Firms in the supermarket industry operate on a small profit margin. By analyzing the Comparative 2011 Financial Performance, exhibit 2 in the Harvard Business School article “Trader Joes” by David Ager and Michael Roberto, the profit margin of the four stores varies from 1-3%. According to Forbes, the average profit margin forms their study was 2.5% in 2016. On one end there are higher priced items, specialty foods, and perishable-prepared foods. On the other end of the spectrum, there are discount stores. These stores operate on volume of product, mostly nonperishable items. “To succeed, companies in industries with typically small margins need to bulk up their sales volume”(Biery par. 1).
The differing strategies of the four firms can be reflected in the financial ratio analysis. Of the four firms, the lowest revenue is Whole Foods; yet Whole Foods has the highest return on assets (ROA). In the age of food insecurity, their customers are willing to pay more for the organic products making Whole Foods the nation’s leading retailer in natural organic foods. The highest revenue is Kroger. They also have the highest asset turnover, showing they are efficient at deploying their assets. Kroger focuses on volume at a discounted price. These factors mean they have higher revenue that results in market growth.
The results of the financial ratio analysis show differing ways the firms in the industry can deliver strong financial returns. The economies of scale can create an environment of a larger scale or accept a cost disadvantage. Products are differentiated into the higher end and the volume value products. The Higher SG&A as % of sales is reflected from their higher in house sales of prepared foods, salaries, and benefits at Whole Foods (Kobayashi-Solomon). Kroger focuses on the lower cost of prepared foods, salaries and focuses on advertising, space, and administration.
Trader Joe’s appears to have bargaining power with their suppliers and bargaining power with their customers. The introduction of new products allows them to remove the products that do not sell. The dynamic product mix is not accepted universally, although Costco follows a similar method, and many of their customers may see it as a treasure hunt. The small footprint keeps operating cost low. Fan-Based marketing and, minimal advertising lowers operating cost. The strategy to invest in employees can be reflected in the customer’s experience. Trader Joe’s places stores, as founder Coulombe said in the article, “Trader Joe’s is for overeducated and underpaid people, for all the classical musicians, museum curators, journalists that’s why we’ve always had good press, frankly” (Ager and Roberto 2). This advantage appears sustainable if the leadership maintains course, despite any growing pains.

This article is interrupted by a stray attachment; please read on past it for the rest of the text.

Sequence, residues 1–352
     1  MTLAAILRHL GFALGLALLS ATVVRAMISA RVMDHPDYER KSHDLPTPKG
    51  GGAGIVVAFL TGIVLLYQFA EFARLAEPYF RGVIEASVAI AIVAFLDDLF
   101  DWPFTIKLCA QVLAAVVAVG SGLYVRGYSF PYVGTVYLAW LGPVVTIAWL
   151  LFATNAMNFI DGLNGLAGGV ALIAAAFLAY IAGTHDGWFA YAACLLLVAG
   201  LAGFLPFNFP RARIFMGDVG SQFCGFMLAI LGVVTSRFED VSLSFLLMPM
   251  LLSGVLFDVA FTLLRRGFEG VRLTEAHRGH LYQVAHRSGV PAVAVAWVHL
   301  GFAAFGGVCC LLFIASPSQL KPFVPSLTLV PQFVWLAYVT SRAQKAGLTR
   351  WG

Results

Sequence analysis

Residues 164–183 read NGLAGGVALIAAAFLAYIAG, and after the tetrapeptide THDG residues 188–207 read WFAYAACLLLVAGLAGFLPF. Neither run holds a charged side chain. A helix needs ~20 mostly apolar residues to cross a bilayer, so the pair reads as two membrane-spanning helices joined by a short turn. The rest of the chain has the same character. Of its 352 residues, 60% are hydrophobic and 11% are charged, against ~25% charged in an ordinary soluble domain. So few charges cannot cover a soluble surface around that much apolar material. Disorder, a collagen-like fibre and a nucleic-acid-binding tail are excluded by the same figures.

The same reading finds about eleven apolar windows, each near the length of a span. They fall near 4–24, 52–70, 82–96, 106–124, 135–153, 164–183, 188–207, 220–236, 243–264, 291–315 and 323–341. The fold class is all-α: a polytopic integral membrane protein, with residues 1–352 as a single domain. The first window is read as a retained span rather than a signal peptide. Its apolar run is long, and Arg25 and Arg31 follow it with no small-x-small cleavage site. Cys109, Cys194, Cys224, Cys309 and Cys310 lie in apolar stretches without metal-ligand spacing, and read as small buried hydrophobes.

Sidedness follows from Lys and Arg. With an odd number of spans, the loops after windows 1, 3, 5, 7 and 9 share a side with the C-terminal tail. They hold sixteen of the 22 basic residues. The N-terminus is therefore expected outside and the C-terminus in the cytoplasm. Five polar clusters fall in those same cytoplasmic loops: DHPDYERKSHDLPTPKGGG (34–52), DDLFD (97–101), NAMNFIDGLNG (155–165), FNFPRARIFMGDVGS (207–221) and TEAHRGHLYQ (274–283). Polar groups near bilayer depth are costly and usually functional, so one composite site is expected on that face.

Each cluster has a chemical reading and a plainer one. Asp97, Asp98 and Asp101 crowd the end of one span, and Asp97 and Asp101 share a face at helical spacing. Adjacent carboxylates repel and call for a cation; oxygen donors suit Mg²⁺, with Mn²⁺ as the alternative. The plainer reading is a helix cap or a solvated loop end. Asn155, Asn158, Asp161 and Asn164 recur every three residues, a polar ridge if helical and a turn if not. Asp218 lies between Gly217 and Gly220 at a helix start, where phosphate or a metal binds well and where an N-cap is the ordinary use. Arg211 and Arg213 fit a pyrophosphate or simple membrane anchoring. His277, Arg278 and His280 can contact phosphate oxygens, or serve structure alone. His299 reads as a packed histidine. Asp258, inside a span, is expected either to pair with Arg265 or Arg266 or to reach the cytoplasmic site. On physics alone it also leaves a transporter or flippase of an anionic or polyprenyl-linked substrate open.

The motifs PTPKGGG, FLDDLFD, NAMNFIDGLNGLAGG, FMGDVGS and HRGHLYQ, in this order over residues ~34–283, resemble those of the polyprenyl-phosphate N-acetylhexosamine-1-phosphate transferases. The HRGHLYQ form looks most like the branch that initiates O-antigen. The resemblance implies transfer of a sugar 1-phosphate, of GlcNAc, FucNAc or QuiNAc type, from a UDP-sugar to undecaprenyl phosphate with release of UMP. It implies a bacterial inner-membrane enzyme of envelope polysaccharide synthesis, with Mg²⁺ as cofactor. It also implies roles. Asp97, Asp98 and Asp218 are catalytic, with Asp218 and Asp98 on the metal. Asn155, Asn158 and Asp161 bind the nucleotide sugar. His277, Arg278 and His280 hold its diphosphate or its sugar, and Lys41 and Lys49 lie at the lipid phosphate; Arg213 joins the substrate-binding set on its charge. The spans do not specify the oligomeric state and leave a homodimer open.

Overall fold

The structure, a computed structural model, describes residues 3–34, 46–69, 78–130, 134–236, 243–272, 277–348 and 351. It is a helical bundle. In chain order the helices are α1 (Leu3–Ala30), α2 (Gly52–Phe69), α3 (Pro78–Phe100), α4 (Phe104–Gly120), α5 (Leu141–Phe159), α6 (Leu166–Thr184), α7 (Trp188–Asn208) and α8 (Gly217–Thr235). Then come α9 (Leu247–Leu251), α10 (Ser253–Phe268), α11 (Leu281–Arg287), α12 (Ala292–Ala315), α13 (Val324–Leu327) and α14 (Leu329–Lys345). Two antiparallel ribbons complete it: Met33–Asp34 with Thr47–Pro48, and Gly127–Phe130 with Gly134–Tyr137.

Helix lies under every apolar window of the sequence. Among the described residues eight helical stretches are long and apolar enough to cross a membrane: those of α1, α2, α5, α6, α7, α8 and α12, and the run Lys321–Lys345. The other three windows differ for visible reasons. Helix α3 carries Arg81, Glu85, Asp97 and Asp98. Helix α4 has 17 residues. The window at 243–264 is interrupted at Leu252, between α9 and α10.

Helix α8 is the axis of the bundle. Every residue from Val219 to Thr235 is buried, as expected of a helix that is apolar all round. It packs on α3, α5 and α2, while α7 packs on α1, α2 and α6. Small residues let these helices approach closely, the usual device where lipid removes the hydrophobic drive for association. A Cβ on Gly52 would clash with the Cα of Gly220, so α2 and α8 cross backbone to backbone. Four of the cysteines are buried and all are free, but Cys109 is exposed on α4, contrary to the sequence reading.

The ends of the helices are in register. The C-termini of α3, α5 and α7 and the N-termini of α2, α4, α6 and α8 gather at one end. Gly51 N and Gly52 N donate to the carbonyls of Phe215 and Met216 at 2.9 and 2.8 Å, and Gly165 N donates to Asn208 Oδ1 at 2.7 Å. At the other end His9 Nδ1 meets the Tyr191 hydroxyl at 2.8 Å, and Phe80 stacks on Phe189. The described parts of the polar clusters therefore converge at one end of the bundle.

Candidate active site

I agree with writer Beth Kowitt on page 10 who questions the longevity of the “quirky” charm the stores cultivate. The main threats to the competitive advantage of Trader Joe’s are maintaining the feel of the store. The success is driven by the fans clamoring for a store to be open near them. The success of Trader Joes also comes from the perceived value of the products. If mainstream corporations like Pepsi are supplying what customers believe to be healthy food coming from a small business and the customers do not like that, the loyalty may be eroded. Secrecy has been their friend abut it could also be their undoing.
Trader Joes appears to currently have a good strategy. They are succeeding in a competitive market with a low-profit-margin. Moving forward I would modify the strategy of keeping suppliers secret. The perception is that Trader Joe’s customers are getting wholesome, ethically sourced products. They could disclose suppliers that support that perception, strengthening their base. It may open a flood gate for disclosure that Trader Joes may not want to disclose.
Whole foods can accurately be seen as a competitor with Trader Joes (Huddleston). Even though certain products may cost more at Whole Foods, the supermarket offers similar products to Trader Joes, and in fact, more products. Whole foods pose a threat to the operation of Trader Joes as it corners the same market segment, offers better products, a larger quantity of products and can cater to a wider variety of consumers thanks to its marketing campaign. Whole Foods is just one of many competitors which Trader Joes must face against in this grocery market.
Ager, David and Robert, Michael. “Trader Joe’s.” Harvard Business School, 8 Apr. 2014, https://www.hbs.edu/faculty/Pages/item.aspx?num=45557. Accessed 25 Dec. 2018.
Biery, Mary. “The 15 Least Profitable Industries in the U.S..” Forbes, 3 Oct. 2016, https://www.forbes.com/sites/sageworks/2016/10/03/the-15-least-profitable-industries-in-the-u-s/#6e470f6e618a. Accessed 25 Dec. 2018.
Huddleston Jr., Tom, “Whole Foods rings up strong sales.” Fortune, 11 Feb. 2015, http://fortune.com/2015/02/11/whole-foods-same-store-sales/. Accessed 25 Dec. 2018.
Kobayashi-Solomon, Erik. “What Growth? A Step-by-Step Valuation of Whole Foods Market.” Forbes. 10 Dec. 2015, https://www.forbes.com/sites/erikkobayashisolomon/2015/12/10/what-growth-a-step-by-step-valuation-of-whole-foods-market-wfm/#4e18a6e6a682. Accessed 25 Dec. 2018.
Kowitt, Beth. “Former Trader Joe's exec has a plan to feed the hungry, not landfills” Forbes, 4 Sept. 2014, http://fortune.com/2014/09/04/waste-not-want-not/. Accessed 25 Dec. 2018.